2m 20sLenght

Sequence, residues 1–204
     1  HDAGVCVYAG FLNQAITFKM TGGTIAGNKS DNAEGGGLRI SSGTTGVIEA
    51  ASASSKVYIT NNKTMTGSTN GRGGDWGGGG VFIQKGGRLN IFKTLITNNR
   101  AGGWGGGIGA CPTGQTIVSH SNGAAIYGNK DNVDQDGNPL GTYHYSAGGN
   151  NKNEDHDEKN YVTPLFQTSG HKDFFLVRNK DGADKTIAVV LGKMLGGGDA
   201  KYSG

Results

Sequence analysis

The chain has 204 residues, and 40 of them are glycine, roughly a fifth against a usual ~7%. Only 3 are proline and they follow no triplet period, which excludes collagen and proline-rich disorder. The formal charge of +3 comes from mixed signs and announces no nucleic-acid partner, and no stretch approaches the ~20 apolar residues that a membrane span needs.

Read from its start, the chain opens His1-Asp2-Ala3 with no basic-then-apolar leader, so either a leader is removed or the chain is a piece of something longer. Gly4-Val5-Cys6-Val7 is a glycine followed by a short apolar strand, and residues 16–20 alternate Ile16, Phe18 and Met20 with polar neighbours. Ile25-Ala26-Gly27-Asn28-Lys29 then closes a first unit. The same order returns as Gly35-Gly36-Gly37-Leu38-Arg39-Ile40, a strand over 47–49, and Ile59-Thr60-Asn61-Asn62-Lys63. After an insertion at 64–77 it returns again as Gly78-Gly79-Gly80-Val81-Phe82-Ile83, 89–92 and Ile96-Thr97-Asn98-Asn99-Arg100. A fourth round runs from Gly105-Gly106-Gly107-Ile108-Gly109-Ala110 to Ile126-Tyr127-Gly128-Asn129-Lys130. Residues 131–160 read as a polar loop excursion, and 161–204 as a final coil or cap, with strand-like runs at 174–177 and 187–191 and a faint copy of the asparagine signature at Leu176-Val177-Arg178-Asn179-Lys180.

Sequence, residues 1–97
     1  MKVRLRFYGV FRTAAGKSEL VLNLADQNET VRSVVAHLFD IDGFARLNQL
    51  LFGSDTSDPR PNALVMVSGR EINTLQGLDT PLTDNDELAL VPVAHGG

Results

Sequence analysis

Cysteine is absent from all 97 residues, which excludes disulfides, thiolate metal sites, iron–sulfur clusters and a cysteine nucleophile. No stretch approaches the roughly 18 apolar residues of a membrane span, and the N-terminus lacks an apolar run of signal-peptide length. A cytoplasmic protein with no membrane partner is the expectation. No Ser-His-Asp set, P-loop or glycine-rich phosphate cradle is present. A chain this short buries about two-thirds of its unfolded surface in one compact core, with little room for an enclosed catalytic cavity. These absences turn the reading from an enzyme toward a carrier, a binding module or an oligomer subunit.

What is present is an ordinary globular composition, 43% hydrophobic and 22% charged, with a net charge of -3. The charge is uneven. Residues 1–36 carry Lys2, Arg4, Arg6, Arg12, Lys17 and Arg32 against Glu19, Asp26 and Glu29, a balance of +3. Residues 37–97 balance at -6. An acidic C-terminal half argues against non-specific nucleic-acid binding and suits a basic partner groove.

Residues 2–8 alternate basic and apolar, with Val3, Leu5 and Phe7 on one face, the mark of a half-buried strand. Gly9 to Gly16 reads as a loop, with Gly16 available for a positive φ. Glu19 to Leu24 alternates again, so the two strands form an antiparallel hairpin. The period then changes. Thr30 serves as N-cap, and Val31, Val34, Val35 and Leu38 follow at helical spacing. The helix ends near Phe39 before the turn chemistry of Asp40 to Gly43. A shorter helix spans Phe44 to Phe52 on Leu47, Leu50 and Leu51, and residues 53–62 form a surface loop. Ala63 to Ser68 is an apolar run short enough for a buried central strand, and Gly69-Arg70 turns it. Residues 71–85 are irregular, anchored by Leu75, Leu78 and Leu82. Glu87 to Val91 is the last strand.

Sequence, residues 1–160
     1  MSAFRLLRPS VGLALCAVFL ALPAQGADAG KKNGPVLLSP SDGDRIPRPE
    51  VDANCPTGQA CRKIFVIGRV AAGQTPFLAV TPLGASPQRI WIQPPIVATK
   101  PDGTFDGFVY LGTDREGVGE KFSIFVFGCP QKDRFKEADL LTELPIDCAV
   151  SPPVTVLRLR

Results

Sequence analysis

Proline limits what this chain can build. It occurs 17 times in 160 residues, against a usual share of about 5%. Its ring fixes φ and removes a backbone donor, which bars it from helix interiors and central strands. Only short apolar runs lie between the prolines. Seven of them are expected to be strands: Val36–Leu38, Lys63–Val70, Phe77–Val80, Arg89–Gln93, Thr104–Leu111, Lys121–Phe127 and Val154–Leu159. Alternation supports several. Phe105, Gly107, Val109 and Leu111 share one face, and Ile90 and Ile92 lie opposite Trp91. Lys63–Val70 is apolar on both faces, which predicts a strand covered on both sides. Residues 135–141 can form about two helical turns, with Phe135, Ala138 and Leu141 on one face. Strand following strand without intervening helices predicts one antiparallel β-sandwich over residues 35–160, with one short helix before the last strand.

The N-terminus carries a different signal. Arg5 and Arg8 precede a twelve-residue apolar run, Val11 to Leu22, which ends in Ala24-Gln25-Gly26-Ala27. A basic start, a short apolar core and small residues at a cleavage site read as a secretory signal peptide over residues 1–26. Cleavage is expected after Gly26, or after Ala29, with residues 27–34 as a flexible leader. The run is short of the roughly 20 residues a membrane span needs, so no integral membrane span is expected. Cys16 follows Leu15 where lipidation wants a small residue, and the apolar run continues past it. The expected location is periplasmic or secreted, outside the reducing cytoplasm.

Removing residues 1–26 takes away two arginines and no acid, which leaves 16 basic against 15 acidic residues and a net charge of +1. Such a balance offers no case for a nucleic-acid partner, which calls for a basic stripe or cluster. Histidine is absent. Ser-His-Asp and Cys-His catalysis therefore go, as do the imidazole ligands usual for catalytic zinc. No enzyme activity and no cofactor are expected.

For more news visit ☛http://english.ntdtv.com Animal welfare groups in China are protesting the expansion of a company that extracts bear bile--a type of digestive fluid. Guizhentang Pharmaceuticals Company sells bear bile products as health supplements. The company is hoping to list itself on the stock market, but animal welfare groups say more bears will be hurt if that happens. Since 2000, Fujian-based Guizhentang Pharmaceuticals Company has been extracting bear bile for use in its products. Now the company wants to expand. The move has angered animal welfare groups—who say bile extraction is a gruesome practice—and they fear the expansion will harm more bears. [Toby Zhang, Director of External Affairs, Animals Asia]: "There are 7,000 bears in this industry, 68 bear farms, but now we think the number has increased to more than 10,000, nearly 20,000 bears on the farms. So this industry is growing and growing and we can see more and more bigger bear farms now. Guizhentang is one of the biggest bear farms." Guizhentang has applied to China's Security Regulatory Commission for an Initial Public Offering, or IPO. The company puts bear bile in products like eye drops, herbal tea and wine. Bear farming is legal in China. Chinese medicine has long said bile taken from a bear's gallbladder benefits the liver and eyes. But welfare groups like Hong Kong-based Animals Asia say the extraction process is damaging to the bears. They also warn the bile could harm humans. [Toby Zhang, Director of External Affairs, Animals Asia]: "Bear bile is not safe to consumers. We rescued nearly 300 bears in China in our Chengdu rescue center and we have seen each of rescued bears have gallbladder problems, they have liver problems, they have gallbladder stones and we believe these kinds of sick bears are producing very poor quality bear bile for consumers which may cause them problems." According to Guizhentang's website, the company currently has 400 Asiatic bears. It hopes money from the IPO will allow it to house up to 1,200 bears.